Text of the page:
Michael Zito, a career state worker who was dedicated to creating and running effective public programs for children in need, died June 10 of pancreatic cancer, his family said. He was 60.
Influenced by the activism and idealism of his generation, Mr. Zito aspired to make a difference in the lives of less fortunate people. After graduating from Sonoma State University in the 1970s, he started as a psychiatric technician at Sonoma Developmental Center and worked with developmentally disabled children at North Bay Regional Center in Napa.
He joined the state Department of Developmental Services in 1988 and was instrumental in setting up Early Start, a federal program that provides services for infants and toddlers with developmental delays or disabilities. After 10 years, he turned his attention to economically disadvantaged youngsters as the state Department of Education’s liaison officer for Head Start, a federal program that provides early-childhood education, health and parent involvement services for low-income families.
A proud public servant, Mr. Zito was passionate about government efforts to improve conditions for vulnerable people. A likeable, charming guy with a strong knowledge of public programs, he formed professional relationships easily and built partnerships among diverse service providers and local, state and federal agencies to meet the educational, health and nutritional needs of disadvantaged children.
Digital Access for only $0.99
For the most comprehensive local coverage, subscribe today.
“He was the ultimate good guy,” said Camille Maben, former director of child development at the Department of Education. “He listened well, and he was articulate. He had a very realistic view about what could be done, but he always thought about what was best for kids and their families.”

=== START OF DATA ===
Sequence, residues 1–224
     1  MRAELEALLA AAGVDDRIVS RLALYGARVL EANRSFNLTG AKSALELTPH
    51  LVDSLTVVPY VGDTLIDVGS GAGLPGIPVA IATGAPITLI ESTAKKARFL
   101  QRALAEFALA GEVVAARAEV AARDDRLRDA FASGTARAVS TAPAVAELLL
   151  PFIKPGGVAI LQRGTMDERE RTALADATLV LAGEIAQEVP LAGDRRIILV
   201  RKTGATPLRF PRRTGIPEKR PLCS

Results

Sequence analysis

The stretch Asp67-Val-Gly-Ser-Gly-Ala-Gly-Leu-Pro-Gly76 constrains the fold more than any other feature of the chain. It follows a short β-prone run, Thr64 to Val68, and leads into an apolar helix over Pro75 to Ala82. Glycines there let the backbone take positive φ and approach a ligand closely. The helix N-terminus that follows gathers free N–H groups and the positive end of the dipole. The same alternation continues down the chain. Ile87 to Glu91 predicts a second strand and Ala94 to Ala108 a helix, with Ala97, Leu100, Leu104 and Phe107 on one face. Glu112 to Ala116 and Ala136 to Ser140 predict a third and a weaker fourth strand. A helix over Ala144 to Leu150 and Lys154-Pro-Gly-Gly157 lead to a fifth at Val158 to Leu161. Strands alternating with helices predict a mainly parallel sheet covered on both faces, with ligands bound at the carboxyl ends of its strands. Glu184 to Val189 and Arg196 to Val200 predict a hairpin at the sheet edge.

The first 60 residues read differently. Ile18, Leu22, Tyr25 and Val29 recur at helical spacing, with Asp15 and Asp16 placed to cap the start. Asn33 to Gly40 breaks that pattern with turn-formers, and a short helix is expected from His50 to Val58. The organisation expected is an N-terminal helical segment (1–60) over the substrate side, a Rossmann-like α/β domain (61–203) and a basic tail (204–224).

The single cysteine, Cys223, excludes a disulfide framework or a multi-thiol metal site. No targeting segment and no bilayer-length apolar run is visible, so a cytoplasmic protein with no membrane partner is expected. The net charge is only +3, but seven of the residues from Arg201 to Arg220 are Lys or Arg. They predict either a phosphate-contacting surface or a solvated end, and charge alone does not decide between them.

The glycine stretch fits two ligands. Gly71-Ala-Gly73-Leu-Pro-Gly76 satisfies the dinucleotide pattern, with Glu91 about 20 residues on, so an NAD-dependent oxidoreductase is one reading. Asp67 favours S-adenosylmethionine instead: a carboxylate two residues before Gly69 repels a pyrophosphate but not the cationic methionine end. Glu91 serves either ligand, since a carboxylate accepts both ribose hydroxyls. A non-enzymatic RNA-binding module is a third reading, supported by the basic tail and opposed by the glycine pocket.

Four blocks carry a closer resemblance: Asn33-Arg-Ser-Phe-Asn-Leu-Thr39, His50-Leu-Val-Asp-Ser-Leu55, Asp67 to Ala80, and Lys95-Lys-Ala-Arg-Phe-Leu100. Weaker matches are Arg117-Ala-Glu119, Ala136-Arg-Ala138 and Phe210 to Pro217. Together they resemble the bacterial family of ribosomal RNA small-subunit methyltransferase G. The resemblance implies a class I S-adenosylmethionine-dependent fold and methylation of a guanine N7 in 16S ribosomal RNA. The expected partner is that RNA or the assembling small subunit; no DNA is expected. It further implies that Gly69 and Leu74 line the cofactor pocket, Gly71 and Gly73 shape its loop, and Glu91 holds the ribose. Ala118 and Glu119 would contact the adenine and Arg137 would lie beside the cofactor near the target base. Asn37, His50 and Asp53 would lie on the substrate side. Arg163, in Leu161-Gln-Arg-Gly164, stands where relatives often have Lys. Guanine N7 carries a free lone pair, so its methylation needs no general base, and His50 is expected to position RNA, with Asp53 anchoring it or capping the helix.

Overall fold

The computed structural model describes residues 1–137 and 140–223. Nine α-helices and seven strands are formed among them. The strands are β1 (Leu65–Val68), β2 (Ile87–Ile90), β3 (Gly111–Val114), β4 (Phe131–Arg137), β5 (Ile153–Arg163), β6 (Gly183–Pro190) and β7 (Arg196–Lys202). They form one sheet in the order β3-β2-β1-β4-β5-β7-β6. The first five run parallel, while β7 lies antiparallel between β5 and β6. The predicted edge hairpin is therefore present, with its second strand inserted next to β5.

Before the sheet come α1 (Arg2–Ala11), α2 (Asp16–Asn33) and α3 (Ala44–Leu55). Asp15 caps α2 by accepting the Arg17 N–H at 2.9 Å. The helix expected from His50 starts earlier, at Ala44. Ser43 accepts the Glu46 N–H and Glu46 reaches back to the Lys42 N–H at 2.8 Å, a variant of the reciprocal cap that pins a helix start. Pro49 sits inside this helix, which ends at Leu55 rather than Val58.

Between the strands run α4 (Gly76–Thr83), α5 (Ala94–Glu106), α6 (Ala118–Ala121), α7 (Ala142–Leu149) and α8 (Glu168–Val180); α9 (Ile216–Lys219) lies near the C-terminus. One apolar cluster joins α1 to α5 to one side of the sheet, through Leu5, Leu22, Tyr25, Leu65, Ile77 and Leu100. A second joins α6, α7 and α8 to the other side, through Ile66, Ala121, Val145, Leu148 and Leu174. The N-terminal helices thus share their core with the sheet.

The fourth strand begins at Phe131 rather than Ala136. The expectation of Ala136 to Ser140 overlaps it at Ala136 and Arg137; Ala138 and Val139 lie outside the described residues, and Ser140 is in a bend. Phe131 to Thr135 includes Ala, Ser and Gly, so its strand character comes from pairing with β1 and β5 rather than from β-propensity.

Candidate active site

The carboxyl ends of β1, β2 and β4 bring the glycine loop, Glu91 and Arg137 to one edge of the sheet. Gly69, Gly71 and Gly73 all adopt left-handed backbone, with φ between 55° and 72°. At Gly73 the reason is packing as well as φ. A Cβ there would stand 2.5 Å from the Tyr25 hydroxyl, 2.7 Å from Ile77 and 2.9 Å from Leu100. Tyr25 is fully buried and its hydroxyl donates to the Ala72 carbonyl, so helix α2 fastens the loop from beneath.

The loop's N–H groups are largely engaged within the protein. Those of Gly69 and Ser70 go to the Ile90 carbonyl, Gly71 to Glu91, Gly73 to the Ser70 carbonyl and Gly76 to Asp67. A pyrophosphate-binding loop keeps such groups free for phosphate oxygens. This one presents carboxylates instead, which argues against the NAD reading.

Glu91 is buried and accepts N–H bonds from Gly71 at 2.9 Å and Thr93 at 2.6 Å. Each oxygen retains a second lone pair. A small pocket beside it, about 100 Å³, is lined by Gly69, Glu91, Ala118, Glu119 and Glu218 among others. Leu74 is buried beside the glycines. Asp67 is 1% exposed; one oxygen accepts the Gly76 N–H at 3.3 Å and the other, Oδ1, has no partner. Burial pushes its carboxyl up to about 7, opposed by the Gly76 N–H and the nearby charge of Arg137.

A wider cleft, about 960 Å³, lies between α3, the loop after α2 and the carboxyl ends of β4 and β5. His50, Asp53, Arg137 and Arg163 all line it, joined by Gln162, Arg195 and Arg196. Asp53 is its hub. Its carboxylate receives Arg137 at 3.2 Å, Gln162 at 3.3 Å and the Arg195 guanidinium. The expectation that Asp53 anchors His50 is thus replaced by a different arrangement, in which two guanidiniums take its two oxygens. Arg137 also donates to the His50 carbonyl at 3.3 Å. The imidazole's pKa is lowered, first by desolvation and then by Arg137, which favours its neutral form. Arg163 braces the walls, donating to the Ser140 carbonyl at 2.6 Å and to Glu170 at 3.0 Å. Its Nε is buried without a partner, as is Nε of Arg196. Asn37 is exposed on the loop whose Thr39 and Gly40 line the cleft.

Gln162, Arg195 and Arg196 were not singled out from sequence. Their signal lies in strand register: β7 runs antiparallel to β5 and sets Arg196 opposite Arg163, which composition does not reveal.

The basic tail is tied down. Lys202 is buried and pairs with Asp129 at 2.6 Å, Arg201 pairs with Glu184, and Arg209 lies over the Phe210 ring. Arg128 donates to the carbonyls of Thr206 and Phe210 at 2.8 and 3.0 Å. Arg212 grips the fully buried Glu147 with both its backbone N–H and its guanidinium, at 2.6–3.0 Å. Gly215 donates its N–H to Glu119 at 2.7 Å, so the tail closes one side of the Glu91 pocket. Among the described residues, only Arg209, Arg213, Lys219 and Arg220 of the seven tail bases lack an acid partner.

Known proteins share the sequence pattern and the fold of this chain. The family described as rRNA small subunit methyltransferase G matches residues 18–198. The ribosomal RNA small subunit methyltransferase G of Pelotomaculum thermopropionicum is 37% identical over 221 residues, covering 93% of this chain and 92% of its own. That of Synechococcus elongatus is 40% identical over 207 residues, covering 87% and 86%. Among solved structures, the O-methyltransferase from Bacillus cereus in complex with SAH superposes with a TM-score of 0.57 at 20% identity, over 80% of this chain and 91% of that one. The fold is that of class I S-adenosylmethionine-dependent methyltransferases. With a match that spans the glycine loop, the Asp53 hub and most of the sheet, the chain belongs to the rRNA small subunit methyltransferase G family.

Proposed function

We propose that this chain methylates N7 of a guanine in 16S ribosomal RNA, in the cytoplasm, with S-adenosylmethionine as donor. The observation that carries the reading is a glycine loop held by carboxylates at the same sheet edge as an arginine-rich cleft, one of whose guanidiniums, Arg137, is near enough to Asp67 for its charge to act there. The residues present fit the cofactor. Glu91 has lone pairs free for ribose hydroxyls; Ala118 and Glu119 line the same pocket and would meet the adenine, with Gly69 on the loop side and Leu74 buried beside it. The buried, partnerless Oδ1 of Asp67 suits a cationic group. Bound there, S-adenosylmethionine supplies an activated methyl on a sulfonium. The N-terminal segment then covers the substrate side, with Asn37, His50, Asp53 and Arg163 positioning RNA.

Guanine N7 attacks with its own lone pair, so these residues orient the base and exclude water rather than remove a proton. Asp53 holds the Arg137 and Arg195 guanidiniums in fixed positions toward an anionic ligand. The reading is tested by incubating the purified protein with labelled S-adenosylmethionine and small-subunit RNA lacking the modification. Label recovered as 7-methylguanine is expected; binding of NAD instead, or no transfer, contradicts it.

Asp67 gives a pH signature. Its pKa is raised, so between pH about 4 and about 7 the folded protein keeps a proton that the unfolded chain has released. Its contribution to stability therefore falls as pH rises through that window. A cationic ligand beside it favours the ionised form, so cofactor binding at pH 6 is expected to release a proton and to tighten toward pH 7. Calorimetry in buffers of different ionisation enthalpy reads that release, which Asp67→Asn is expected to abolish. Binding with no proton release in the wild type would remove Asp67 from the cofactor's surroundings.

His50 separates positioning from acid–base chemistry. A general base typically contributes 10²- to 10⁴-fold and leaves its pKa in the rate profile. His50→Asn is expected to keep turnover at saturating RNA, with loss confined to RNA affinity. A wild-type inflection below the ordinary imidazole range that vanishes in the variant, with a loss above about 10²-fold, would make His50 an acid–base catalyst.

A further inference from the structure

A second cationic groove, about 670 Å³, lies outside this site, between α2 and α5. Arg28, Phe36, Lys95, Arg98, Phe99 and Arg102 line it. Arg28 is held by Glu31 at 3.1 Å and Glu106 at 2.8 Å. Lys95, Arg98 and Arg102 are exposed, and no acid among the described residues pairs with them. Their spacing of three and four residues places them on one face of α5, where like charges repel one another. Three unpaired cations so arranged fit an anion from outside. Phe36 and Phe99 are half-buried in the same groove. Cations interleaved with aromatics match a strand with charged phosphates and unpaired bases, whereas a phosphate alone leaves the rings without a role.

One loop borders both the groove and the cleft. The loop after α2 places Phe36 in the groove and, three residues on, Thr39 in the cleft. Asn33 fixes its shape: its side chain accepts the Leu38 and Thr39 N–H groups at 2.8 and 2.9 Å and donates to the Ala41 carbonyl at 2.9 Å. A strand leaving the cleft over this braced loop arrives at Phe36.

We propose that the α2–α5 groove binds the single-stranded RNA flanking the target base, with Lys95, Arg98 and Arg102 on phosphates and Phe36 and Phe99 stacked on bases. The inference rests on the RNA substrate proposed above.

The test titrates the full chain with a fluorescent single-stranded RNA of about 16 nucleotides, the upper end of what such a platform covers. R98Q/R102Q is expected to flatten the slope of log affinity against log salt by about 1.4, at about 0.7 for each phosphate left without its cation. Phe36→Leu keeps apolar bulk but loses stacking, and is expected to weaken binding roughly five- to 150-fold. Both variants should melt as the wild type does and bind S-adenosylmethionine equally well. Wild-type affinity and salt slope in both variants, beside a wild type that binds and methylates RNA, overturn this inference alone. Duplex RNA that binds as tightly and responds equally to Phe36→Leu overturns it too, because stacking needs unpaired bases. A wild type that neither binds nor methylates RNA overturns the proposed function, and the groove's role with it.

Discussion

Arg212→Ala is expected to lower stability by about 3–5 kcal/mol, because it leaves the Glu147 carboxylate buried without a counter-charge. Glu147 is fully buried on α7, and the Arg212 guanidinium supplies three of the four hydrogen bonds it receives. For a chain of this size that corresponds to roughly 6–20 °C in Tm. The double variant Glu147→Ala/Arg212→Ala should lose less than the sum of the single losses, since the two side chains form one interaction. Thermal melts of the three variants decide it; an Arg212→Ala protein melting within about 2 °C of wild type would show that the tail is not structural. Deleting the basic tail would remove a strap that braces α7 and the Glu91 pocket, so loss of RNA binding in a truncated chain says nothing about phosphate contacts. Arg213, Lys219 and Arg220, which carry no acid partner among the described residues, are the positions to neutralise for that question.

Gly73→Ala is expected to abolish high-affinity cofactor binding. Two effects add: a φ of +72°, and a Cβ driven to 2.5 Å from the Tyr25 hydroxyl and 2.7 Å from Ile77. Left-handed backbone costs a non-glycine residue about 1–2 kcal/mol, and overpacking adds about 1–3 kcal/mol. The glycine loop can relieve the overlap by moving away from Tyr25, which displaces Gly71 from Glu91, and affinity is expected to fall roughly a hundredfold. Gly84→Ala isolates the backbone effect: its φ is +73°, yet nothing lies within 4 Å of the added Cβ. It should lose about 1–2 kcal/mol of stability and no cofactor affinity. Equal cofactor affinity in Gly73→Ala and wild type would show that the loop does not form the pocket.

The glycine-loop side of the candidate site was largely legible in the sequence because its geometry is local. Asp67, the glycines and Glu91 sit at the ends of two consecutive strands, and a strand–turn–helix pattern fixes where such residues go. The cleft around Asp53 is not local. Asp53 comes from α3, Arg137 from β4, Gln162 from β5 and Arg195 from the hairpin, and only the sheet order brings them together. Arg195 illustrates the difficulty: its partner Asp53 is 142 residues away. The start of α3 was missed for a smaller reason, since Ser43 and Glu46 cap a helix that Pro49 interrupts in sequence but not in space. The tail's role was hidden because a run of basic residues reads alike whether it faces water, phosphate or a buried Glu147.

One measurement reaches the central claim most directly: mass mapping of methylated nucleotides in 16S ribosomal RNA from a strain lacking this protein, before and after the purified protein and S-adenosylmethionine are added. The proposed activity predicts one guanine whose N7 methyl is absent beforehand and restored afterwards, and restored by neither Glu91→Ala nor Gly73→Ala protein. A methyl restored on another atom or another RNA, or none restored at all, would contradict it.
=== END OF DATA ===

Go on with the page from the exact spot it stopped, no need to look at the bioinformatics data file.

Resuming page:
The son of a computer programmer and a bank trainer, Mr. Zito was born Aug. 12, 1953, and raised in Glendale. In college, he campaigned for Democratic presidential candidate George McGovern in New York in 1972.
He was married to wife Susanne for 22 years and lived in Curtis Park. He retired with 34 years of state service after he was diagnosed with cancer in 2012.
Mr. Zito was a witty, easygoing man who loved telling stories and spending time with family and friends. He was a lively conversationalist who devoured large amounts of news from sources as diverse as the New York Times and The Sacramento Bee, “PBS NewsHour” and “The Daily Show.” Handsome and athletic, he ran seven days a week for 30 years and remained active while receiving chemotherapy with a daily routine of 3-mile walks and 150 pushups, his wife said.
“He was a charming guy with a tender heart, and he understood that not everybody was born in this world with the same opportunities that he had,” said Ed Condon of the National Head Start Association. “He had a passion for goodness and justice.”
In addition to his wife, Mr. Zito is survived by his daughter, Cristina; his mother, Gerry Abbott; a sister, Debey; and three brothers, Tony Zito, Eric Abbott and Jason Abbott.
A memorial is set for 1 p.m. July 13 at Tsakopoulos Library Galleria, 828 I St., Sacramento. Memorial donations may be made to Point Reyes National Seashore Association.